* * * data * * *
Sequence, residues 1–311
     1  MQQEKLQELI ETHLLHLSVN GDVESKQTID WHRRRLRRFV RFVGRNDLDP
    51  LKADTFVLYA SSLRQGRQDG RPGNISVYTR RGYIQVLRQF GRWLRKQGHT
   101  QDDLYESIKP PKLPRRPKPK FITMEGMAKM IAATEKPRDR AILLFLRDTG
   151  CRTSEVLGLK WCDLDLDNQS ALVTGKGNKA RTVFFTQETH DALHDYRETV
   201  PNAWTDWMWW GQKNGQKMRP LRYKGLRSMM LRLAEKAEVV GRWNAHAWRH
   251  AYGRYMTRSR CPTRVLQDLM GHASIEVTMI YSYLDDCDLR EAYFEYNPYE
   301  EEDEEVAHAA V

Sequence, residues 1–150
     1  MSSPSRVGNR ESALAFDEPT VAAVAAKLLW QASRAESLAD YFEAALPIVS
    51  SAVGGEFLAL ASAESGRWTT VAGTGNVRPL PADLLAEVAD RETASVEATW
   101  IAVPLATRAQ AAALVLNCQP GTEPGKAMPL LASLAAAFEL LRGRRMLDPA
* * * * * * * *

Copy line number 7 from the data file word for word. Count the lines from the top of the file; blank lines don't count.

   251  AYGRYMTRSR CPTRVLQDLM GHASIEVTMI YSYLDDCDLR EAYFEYNPYE